Renewable energy in El Salvador

Source: 2017 SIGET statistics report
El Salvador's electricity is currently generated from a variety of sources, with the largest quantity of installed electrical generating capacity coming from fuel oil burning generators:

  • Fossil fuels (primarily fuel oil) - 42%
  • Hydro - 30%
  • Biomass - 14%
  • Geothermal - 11%
  • Solar -- 3%

To reduce dependence on fossil fuels, which contribute to greenhouse gasses and must be imported from volatile international markets, El Salvador would need to increase the use of renewable energy sources.  El Salvador has numerous renewable energy sources as described in this August 2017 report from the US government:
El Salvador contains vast water reserves and receives large amounts of sunlight. Therefore biomass, wind, solar, hydroelectric and geothermal energy opportunities exist in the country.  In order to facilitate the projects organizations such as: The Inter-American Development Bank, USAID and OPIC fund major energy projects with in the country.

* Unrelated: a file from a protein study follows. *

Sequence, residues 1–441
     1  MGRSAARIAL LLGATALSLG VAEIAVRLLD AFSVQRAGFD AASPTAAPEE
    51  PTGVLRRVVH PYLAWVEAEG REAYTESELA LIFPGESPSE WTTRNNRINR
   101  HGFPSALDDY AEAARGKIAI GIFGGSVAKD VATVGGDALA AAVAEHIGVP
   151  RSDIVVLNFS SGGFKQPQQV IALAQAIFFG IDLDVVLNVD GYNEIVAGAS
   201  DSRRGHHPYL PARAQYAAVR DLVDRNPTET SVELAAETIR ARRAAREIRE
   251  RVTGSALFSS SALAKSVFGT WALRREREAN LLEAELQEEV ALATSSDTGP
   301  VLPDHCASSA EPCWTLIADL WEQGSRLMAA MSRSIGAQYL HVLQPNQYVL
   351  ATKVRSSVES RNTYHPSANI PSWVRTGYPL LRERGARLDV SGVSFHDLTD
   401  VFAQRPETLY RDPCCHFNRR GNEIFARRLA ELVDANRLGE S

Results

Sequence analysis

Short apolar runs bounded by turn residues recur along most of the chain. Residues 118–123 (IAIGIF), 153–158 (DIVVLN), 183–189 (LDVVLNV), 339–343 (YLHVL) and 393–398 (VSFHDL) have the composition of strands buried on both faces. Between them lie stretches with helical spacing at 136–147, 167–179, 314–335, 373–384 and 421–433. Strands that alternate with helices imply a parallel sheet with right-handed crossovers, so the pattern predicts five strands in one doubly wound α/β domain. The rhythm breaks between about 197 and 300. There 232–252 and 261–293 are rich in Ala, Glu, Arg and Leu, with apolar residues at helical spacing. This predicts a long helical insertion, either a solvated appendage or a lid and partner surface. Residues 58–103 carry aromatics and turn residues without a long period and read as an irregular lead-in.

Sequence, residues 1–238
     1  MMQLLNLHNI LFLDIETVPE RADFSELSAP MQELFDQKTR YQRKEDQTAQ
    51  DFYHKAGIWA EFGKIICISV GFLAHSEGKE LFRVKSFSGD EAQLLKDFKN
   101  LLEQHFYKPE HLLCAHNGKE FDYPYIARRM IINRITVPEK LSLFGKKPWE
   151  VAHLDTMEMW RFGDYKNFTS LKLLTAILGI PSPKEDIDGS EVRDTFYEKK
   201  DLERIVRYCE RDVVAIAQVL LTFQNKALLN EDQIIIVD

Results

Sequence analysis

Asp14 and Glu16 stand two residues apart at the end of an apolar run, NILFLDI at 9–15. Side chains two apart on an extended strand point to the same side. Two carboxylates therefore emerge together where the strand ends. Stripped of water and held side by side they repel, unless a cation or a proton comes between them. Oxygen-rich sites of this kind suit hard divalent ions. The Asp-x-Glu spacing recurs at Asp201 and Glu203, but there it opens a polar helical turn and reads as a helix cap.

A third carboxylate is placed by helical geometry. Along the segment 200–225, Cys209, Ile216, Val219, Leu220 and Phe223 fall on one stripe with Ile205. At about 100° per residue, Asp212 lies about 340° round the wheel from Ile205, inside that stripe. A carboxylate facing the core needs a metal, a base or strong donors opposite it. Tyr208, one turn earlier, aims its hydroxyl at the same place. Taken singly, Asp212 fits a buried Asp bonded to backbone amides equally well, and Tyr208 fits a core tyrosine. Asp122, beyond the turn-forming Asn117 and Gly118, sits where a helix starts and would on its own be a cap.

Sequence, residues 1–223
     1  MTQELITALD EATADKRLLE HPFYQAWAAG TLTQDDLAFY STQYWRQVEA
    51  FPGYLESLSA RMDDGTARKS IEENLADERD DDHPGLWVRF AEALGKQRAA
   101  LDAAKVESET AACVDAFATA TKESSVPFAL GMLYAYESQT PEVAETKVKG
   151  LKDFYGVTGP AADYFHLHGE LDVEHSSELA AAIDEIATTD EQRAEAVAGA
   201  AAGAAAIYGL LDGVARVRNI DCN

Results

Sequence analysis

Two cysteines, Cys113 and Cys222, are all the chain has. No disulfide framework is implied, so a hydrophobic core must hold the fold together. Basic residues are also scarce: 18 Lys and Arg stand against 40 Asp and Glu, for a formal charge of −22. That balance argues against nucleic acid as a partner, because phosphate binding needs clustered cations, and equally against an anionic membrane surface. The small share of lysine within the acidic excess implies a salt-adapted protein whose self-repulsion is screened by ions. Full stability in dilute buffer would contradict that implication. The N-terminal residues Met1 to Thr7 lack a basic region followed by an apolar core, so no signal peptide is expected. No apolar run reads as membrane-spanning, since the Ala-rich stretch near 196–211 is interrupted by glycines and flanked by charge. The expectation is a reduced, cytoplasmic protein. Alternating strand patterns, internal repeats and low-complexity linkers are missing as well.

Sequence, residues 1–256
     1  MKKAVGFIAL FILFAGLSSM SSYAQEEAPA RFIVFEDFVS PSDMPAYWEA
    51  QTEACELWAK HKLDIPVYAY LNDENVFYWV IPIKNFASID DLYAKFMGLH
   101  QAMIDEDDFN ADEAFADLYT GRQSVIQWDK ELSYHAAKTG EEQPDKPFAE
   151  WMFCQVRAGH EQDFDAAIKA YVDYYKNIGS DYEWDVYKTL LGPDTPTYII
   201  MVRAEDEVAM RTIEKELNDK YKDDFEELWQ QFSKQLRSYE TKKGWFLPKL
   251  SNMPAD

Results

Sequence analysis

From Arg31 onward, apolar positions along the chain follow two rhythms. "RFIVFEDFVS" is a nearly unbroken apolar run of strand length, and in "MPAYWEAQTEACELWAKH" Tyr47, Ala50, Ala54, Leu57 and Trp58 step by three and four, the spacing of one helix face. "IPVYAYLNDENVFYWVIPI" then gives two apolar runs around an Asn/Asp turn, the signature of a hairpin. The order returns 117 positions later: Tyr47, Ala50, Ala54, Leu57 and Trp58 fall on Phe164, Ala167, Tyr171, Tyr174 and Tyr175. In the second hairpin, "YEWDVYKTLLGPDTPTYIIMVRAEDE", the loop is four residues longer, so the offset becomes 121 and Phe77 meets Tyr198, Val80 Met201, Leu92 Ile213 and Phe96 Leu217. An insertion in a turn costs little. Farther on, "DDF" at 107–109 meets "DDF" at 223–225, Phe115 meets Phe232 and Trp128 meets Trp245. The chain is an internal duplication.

Solar is the newest source to start contributing to the Salvadoran electrical grid, with the opening in El Salvador of the largest solar power plant in Central America last year.     

El Salvador's first wind farm has been announced for construction in Metapán, in Santa Ana department in northwestern San Salvador.   The wind farm is projected to come online in 2020 with 15-20 wind turbines.

A report this week from stated that El Salvador could also triple its current geothermal capacity, given sufficient resources:
El Salvador could increase its installed geothermal power generation capacity from today 204 MW to 640 MW with its resources, according to a specialist at the Inter-American Development Bank. This though requires heavy investment and capacity building efforts. 
Current biomass energy in El Salvador comes from the use of bagasse as a fuel.  Bagasse is a byproduct of the sugarcane processing industry, and so is primarily available during the cane harvest from November through April.   In El Salvador, with its large sugarcane industry, bagasse electrical generation occurs at cane processing mills, where electricity is also sold back to the electrical power grid.

Through this mix of renewable resources, El Salvador has the prospect of reducing the proportion of its electricity generated by burning imported fuel oil.   The challenge will be finding the dollars to invest in renewable resources and the technical skills to bring the projects online.